A well-known, oft-frequented sports bar situated near the university football stadium in AnyTown, U.S.A., is the scene of the crime. Eight months after the installation of a 28-to-32-ounce loop pile, 100% olefin, action-backed, direct-glued carpet, the bar owner wants to know why the carpet has changed colors. This is not an unusual scenario to encounter in the floor covering installation industry.

Photo 1
The installation company takes the position that it is a dye-stabilization problem; the retailer concurs. When an independent inspector was brought in, this is what he saw:

  • Photo 1 is the general layout of the establishment.

    Photo 2
  • Photo 2 is the food service route, entering the main floor via the kitchen.

    Photo 3
  • Photo 3 is a continuation of the servers’ traffic pattern.

    Photo 4
  • Photo 4 is an example of the stains found throughout the establishment.

    Photo 5
  • Photo 5 shows a rectangular sample of how the carpet looked when it was first installed.

    The inspection was done after the conclusion of the football season. So, what is your first impression? Can a conclusion be reached based on what can be seen here? Who is responsible for the carpet changing colors?

    You make the call!

    Photo 6
    Photo 6 shows the areas where the carpet was agitated with a bone scraper (neutral pH) and water. Yes, the light-colored spots were caused by water. No cleaning agents, just water. The questions that should now be asked are “What kind of maintenance has been performed on the carpet?” followed by “How often is the maintenance performed?”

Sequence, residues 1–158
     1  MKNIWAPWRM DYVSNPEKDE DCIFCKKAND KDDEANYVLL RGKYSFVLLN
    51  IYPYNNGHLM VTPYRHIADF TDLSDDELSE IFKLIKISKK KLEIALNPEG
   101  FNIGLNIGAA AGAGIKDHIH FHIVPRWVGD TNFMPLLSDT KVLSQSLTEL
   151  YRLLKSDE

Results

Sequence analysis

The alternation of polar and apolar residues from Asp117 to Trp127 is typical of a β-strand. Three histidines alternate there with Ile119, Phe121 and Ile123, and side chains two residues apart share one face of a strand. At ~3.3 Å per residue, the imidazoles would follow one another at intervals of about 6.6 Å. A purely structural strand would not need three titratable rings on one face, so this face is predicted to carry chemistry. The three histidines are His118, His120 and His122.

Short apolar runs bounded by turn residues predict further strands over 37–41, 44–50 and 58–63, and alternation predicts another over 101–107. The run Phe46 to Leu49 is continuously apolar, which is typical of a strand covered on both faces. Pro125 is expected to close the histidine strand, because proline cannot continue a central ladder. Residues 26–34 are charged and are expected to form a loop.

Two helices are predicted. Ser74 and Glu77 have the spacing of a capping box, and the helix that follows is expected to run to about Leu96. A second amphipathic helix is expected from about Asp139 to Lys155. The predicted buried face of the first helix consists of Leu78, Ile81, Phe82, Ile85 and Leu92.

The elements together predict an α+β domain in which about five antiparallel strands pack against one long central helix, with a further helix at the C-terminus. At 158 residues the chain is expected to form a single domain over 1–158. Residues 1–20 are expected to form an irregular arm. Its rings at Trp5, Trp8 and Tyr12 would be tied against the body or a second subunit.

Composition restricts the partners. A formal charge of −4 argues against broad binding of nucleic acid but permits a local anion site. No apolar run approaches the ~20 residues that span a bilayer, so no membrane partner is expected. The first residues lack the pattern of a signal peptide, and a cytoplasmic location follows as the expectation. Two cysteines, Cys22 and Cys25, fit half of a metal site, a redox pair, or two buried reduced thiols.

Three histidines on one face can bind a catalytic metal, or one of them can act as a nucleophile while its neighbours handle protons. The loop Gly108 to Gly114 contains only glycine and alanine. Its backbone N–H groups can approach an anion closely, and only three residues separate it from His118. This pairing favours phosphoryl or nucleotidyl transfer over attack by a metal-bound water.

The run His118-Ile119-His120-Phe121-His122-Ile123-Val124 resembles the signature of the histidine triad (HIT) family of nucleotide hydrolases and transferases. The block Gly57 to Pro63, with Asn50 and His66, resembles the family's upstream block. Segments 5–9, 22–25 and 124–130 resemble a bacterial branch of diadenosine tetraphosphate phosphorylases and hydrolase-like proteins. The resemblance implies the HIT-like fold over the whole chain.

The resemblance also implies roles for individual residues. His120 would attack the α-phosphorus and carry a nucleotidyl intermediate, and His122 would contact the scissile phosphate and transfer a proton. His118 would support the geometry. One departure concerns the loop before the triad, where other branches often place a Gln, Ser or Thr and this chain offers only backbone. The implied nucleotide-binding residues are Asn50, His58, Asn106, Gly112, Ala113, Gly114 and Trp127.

Care to take a stab at it? Try “Nothing” and “Never.” The carpet was treated to a simple vacuuming every day, and that is it. And while this may get some of you laughing, it happens more often than you think.

    What other factors might have negatively affected the carpet? Look closely at the photos; what is missing at the entryways? Besides a lack of regular maintenance, there is no preventive maintenance being performed. In this case, there are no walk-off mats at either the main entrance or the kitchen entrance. While it is impossible to keep all the grease in the kitchen, a walk-off mat will do wonders in slowing it down. The same goes for the main entrance, where a mat would help lower the amount of soil and debris being brought in from outside.

    Deciding which cleaning method is best employed to rectify this situation is the next step, but that is another story for another day. Suffice it to say that using the system recommended by the manufacturer is always the best course of action.

    And action is just what this carpet needs.